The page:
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Drones to monitor the health of trees

Published on: 30 September 2021

Scientists will be flying drones to monitor tree health as part of an initiative to cut the UK’s greenhouse gas emissions.

The drones, fitted with hyperspectral cameras, will be flown over woodlands in Suffolk. Sensors in these cameras can be fine-tuned to measure the range of colours in the tree canopy and the project aims to develop systems which will allow individual trees to be identified, and to determine how healthy those trees are.

Scientist, Dr Rachel Gaulton, of Newcastle University's School of Natural and Environmental Sciences, has received funding from the Science and Technology Facilities Council (STFC) for the project along with Fera Science Limited and STFC RAL Space. The aim is to help reduce the UK’s net emissions of greenhouse gases to zero.

Lecturer in Remote Sensing, Dr Gaulton explains: “We aim to develop a system using these very sensitive cameras to work out individual pigments, water absorption and so be able to tell apart tree species and how healthy each tree is.

“This will help us monitor the state of woodland and this is important because if trees are dying, particularly larger, older trees, then there is a risk that we are facing a net loss of carbon. Despite efforts to plant trees we need to know whether we are losing established trees as without realising it we may actually be losing more than we are gaining in some regions of the UK, due to pests, disease and climate change impacts.”

Paul Brown (Fera Science Ltd) operating the hyperspectral drone camera at Big Wood, Suffolk (Credit: Gary Battell)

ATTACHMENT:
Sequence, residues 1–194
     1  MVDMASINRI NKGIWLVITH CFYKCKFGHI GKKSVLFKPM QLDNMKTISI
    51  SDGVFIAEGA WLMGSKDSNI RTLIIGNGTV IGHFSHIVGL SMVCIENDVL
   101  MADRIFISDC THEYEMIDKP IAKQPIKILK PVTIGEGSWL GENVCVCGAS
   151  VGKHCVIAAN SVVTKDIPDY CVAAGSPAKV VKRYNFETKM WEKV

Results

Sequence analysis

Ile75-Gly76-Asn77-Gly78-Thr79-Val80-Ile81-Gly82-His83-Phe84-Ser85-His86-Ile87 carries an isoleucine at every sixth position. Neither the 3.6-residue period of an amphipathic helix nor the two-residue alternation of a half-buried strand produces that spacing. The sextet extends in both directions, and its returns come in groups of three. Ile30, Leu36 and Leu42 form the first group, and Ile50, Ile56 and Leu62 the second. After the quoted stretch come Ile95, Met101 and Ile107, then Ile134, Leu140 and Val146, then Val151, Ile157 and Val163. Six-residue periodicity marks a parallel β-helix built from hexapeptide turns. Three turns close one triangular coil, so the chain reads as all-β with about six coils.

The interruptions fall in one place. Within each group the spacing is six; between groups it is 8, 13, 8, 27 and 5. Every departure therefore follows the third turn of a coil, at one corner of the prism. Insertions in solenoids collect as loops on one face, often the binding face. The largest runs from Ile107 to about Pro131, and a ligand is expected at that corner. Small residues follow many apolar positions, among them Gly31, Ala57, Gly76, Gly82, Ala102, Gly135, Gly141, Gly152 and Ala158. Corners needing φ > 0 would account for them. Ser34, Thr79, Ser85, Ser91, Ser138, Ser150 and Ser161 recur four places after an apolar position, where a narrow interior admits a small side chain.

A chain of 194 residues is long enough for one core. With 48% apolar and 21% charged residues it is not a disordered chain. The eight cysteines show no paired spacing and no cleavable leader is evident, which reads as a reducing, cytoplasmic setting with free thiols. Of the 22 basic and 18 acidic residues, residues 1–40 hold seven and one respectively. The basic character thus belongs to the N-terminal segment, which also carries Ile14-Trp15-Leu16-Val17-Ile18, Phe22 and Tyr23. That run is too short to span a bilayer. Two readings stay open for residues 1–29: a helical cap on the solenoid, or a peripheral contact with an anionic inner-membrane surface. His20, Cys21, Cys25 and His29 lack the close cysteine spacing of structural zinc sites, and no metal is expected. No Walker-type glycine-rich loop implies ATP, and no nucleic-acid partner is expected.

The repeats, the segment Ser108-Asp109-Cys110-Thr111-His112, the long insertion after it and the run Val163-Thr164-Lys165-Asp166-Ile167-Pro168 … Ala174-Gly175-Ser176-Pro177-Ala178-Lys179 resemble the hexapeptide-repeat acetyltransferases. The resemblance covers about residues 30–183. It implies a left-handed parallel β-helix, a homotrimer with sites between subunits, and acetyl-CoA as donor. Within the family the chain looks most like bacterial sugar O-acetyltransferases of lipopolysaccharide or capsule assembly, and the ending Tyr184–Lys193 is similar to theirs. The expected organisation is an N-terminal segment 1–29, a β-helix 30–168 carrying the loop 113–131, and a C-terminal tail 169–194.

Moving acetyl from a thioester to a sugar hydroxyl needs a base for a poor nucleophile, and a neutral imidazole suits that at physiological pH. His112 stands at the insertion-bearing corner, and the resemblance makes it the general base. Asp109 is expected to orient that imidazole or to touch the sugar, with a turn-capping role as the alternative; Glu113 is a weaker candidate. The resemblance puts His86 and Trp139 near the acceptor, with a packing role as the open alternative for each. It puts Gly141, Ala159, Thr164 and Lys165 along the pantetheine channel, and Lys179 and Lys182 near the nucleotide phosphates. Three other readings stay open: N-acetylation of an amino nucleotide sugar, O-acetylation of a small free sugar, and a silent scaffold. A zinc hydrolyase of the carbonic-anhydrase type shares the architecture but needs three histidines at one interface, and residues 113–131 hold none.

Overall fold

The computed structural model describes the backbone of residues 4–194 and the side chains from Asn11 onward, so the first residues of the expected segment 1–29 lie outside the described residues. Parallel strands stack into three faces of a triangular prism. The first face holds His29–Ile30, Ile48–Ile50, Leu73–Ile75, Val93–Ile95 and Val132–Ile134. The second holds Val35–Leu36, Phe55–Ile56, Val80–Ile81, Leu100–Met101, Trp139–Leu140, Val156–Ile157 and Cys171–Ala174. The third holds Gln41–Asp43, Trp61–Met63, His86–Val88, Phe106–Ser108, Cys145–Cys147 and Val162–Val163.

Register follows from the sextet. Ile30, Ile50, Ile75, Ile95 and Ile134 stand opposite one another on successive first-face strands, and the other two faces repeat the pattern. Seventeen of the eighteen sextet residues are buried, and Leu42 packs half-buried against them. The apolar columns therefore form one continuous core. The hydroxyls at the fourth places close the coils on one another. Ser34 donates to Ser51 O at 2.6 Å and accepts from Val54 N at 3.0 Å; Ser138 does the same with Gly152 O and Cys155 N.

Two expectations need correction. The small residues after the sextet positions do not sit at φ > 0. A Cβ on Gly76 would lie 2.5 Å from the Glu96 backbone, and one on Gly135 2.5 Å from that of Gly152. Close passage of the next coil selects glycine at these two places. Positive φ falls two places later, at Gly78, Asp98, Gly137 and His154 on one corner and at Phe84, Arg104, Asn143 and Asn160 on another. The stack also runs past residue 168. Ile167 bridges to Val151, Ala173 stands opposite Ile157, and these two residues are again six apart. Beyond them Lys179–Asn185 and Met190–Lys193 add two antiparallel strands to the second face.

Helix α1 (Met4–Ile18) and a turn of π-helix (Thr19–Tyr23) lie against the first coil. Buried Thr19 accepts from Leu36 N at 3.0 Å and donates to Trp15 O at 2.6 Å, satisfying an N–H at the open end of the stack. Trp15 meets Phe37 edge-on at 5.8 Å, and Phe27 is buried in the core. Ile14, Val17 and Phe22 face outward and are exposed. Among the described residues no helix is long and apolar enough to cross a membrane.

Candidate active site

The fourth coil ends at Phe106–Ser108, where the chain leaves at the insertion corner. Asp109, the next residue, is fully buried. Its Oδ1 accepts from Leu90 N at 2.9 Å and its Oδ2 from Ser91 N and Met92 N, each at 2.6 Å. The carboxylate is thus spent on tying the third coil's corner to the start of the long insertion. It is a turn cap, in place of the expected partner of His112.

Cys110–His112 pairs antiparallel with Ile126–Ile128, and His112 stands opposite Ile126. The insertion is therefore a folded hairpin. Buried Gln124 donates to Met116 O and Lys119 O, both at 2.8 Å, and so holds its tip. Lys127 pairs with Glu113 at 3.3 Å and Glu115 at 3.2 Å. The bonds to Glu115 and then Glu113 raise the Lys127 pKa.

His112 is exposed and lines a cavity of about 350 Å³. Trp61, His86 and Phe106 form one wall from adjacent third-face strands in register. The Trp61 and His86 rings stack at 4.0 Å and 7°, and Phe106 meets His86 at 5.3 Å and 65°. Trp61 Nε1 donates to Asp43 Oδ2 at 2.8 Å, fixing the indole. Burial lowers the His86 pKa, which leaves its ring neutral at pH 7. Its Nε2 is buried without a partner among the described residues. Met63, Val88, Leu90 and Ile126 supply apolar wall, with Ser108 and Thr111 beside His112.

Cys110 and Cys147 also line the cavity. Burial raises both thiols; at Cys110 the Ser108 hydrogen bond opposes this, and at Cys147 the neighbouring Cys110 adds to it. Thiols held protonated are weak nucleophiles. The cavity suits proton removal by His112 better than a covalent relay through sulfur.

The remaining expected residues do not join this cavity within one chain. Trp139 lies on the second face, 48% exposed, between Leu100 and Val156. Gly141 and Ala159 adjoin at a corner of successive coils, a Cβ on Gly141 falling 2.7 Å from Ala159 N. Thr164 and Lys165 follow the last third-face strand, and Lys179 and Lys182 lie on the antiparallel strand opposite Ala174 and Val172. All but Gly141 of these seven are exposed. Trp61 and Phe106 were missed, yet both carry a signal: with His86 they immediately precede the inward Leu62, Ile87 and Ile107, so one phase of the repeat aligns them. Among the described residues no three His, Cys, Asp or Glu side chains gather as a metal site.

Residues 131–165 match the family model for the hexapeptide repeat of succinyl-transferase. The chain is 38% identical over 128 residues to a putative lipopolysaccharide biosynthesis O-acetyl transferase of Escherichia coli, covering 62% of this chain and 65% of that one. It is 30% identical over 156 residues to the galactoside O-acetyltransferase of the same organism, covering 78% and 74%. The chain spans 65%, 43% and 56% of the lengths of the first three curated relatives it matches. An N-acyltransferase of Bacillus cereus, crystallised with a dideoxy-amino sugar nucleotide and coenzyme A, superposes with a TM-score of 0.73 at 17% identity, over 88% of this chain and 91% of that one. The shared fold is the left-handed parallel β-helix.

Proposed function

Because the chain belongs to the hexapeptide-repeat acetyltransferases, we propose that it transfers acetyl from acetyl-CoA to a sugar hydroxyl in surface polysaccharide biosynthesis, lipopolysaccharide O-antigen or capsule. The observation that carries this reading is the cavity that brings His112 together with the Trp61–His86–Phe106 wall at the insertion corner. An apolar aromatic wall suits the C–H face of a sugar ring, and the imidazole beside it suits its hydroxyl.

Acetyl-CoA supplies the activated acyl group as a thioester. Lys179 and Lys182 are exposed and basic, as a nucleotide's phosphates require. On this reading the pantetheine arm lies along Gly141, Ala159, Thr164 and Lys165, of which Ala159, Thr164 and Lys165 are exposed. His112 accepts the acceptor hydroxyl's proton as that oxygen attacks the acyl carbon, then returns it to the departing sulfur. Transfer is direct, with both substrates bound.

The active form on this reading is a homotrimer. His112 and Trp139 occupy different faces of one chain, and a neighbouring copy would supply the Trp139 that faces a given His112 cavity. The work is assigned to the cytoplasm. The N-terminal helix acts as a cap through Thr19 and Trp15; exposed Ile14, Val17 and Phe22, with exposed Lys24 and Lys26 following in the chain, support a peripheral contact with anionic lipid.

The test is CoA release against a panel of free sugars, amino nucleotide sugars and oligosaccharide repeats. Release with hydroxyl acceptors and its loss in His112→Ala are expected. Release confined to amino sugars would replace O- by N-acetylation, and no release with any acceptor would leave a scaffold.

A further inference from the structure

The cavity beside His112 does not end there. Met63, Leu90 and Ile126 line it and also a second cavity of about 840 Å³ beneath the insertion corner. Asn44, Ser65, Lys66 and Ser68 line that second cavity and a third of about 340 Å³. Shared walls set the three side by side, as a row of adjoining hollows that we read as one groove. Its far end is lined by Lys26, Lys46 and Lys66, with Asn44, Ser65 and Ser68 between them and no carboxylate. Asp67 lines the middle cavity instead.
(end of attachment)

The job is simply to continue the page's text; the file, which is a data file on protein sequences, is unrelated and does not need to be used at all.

Drive towards Net Zero

The UK government has committed to reducing the UK’s net emissions of greenhouse gases to zero by 2050. This research will be part of the drive towards Net Zero by identifying whether our woodlands are healthy and retaining carbon or whether the tree loss risks releasing carbon.

The team hope to develop this low-cost solution allowing the modelling of woodland carbon storage.

STFC Executive Chair Professor Mark Thomson said: “We all are responsible for finding ways to reduce our carbon emissions to achieve the government’s Net Zero target, especially in the research and innovation sector.

“One of the ways we are doing that in STFC and across the scientific community is to look at how we conduct experiments and whether there might be more efficient ways of doing this.

“We are also taking some of the cutting-edge techniques used for pioneering research and applying those to solve some of the biggest challenges to becoming a carbon neutral nation.”


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